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I have a massive data set of about 25000 pancreatic cancer patients; extremely quick and depressing mortality rate. I'm interested in survival differences between three groups--no treatment, chemotherapy, and chemo-radiation. Below is the survival function produced by PROC LIFETEST.

enter image description here

I have some evidence that the proportionality of hazards assumption is violated. Statistically, the estimated group*time interaction (programmed within PROC PHREG) is statistically significant. This makes sense given the large N. However, the graphical approach is a bit more subjective; see the log-negative-log survival function below.

enter image description here

If I choose to retain the group*time interaction, the survival differences estimated by this extended Cox model diverge from what I would expected based on what I see in the Kaplan-Meier analysis. Specifically, both chemotherapy and chemo-radiation show significantly lower risk of death (or better survival) than the no treatment group until about 12-months post-diagnosis, at which point the effect switches, and by 18-months post-diagnosis the no treatment group has significantly lower risk of death than either treatment group.

Knowing who I am working with (err, for...), I'm going to have a hard time explaining this result. I'm guessing it has to do with the interaction. Do you think that I mis-specified time function? Any thoughts on this? Has anyone else seen this?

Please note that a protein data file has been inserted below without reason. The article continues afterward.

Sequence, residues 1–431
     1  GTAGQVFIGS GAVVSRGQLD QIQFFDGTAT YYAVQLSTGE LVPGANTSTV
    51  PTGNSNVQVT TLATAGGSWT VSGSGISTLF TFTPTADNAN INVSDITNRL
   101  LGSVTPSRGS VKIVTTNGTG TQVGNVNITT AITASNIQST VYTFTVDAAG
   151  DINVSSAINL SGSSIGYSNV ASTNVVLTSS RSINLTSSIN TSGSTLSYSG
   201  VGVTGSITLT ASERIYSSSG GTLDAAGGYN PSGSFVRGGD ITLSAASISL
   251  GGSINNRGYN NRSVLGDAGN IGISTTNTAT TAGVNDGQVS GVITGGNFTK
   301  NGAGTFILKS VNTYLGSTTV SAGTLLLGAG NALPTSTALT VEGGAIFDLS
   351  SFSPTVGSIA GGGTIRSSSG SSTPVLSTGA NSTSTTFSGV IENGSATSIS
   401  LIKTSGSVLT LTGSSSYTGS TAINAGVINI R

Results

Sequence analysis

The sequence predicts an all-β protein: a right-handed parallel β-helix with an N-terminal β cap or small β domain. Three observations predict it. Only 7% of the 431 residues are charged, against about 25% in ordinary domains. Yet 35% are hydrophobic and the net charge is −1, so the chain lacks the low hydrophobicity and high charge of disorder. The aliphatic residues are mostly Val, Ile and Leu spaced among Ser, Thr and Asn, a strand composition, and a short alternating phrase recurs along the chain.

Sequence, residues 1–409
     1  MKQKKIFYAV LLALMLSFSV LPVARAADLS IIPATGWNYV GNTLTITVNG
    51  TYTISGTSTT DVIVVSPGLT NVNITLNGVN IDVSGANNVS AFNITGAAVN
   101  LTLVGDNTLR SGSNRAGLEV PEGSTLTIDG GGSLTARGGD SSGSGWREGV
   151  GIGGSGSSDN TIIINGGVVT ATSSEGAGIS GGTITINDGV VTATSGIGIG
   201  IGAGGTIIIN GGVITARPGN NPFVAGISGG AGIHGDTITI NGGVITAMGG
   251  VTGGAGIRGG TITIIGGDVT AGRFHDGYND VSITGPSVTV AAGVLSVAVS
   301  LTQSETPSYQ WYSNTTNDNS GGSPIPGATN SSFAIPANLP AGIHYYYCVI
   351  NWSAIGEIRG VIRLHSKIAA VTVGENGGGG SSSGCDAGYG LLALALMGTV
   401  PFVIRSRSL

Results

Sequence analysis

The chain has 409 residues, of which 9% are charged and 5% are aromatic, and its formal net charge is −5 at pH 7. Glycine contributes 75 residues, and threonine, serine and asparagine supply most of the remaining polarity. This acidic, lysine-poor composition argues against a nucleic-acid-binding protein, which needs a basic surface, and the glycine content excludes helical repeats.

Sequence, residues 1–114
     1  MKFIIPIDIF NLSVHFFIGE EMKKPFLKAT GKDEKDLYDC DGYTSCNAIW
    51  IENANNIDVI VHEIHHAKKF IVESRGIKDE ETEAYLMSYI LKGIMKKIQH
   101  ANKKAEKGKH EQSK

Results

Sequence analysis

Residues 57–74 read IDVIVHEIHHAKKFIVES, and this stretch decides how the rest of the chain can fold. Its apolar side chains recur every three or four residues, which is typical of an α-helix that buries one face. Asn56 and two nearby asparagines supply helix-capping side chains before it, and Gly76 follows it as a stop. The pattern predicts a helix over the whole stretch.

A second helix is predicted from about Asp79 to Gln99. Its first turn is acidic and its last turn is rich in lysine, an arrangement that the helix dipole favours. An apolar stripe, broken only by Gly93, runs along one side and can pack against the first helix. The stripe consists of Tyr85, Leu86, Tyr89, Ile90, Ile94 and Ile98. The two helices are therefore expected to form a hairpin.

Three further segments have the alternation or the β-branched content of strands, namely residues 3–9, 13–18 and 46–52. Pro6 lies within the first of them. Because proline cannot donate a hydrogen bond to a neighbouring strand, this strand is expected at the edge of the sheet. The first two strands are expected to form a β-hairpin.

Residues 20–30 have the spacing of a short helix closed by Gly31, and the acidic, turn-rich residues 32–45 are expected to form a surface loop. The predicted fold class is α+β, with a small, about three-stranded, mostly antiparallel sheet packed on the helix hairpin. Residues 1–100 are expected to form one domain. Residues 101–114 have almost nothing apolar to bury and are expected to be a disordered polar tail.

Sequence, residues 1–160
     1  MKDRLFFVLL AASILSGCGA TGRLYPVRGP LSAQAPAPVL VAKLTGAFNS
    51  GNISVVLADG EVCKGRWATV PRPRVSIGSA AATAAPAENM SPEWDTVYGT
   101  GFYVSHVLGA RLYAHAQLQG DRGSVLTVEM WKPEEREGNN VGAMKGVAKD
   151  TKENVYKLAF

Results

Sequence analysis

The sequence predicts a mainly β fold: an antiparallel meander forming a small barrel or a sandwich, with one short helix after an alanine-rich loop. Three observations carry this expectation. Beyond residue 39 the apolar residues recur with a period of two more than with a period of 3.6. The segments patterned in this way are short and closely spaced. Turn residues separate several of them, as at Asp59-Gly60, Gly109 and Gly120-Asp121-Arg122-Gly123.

Thanks! Ryan

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  • $\begingroup$ As you suggest, this may be primarily due to N. I wouldn't be surprised if the effect is trivial. That said, for some armchair theoretical speculation, it could be that just chemo &/or radiation are really hard on the body, & those few people who would have survived anyway are worse off for it. $\endgroup$ – gung Jul 27 '16 at 20:55
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    $\begingroup$ I believe this is actually the classic example used to describe non-proportional hazards. Is there any reason not to just use the KM curves? $\endgroup$ – Cliff AB Jul 27 '16 at 23:43
  • $\begingroup$ @gung Also, I (maybe) just had an epiphany that the HR estimated by the Cox model is an instantaneous rate. So, as seen in the KM curves, the tangent line at 18 months for the no treatment group is less negative than the tangent line at 18 months for either treatment group. Thus, the more negative slope at 18 months for both treatment groups relative to no treatment indicates that the hazard is larger in both treatment groups. Had the proportionality of hazards assumption been satisfied, the tangent lines would be identical across all time points for all groups... $\endgroup$ – Ryan W. Jul 28 '16 at 14:47
  • $\begingroup$ @CliffAB I'll be adding patient demographic and clinical characteristics to the Cox model to get adjusted HRs. On a side note, I'm still having problems explaining this model to the oncologist. The no adjuvant therapy (NAT) group has more early deaths compared to the chemo (C) or chemo-radiation (CR) groups. So, C and CR are good at extending life relative to NAT. At 18 months, only 10% of NAT patients are alive to contribute to the risk estimate, so is the lower risk of death after 18 months for NAT not that it is "better" than C or CR, but simply due to the hazard hitting the ceiling? $\endgroup$ – Ryan W. Sep 12 '16 at 19:46

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